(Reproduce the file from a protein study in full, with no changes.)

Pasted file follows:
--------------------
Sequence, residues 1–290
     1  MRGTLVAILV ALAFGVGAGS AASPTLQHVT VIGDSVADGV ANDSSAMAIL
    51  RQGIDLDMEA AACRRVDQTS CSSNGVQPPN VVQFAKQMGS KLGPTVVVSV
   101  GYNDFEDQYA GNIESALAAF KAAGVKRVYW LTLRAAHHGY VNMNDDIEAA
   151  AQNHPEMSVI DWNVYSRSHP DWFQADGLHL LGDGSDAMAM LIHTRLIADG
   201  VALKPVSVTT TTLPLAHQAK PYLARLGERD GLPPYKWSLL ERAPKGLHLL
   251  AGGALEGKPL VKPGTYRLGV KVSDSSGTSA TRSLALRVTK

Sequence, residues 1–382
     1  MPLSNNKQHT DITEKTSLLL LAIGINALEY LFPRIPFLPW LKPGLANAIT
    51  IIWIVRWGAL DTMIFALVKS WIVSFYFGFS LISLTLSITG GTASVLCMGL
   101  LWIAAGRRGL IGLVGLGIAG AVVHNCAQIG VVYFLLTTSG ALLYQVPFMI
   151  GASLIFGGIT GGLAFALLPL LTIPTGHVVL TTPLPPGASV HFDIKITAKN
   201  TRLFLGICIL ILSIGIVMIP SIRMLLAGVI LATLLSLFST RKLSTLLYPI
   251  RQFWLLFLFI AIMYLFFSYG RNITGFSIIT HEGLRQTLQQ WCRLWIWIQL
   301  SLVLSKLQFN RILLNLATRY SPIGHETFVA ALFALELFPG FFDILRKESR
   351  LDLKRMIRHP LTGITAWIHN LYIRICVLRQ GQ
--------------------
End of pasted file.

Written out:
Sequence, residues 1–290
     1  MRGTLVAILV ALAFGVGAGS AASPTLQHVT VIGDSVADGV ANDSSAMAIL
    51  RQGIDLDMEA AACRRVDQTS CSSNGVQPPN VVQFAKQMGS KLGPTVVVSV
   101  GYNDFEDQYA GNIESALAAF KAAGVKRVYW LTLRAAHHGY VNMNDDIEAA
   151  AQNHPEMSVI DWNVYSRSHP DWFQADGLHL LGDGSDAMAM LIHTRLIADG
   201  VALKPVSVTT TTLPLAHQAK PYLARLGERD GLPPYKWSLL ERAPKGLHLL
   251  AGGALEGKPL VKPGTYRLGV KVSDSSGTSA TRSLALRVTK

Sequence, residues 1–382
     1  MPLSNNKQHT DITEKTSLLL LAIGINALEY LFPRIPFLPW LKPGLANAIT
    51  IIWIVRWGAL DTMIFALVKS WIVSFYFGFS LISLTLSITG GTASVLCMGL
   101  LWIAAGRRGL IGLVGLGIAG AVVHNCAQIG VVYFLLTTSG ALLYQVPFMI
   151  GASLIFGGIT GGLAFALLPL LTIPTGHVVL TTPLPPGASV HFDIKITAKN
   201  TRLFLGICIL ILSIGIVMIP SIRMLLAGVI LATLLSLFST RKLSTLLYPI
   251  RQFWLLFLFI AIMYLFFSYG RNITGFSIIT HEGLRQTLQQ WCRLWIWIQL
   301  SLVLSKLQFN RILLNLATRY SPIGHETFVA ALFALELFPG FFDILRKESR
   351  LDLKRMIRHP LTGITAWIHN LYIRICVLRQ GQ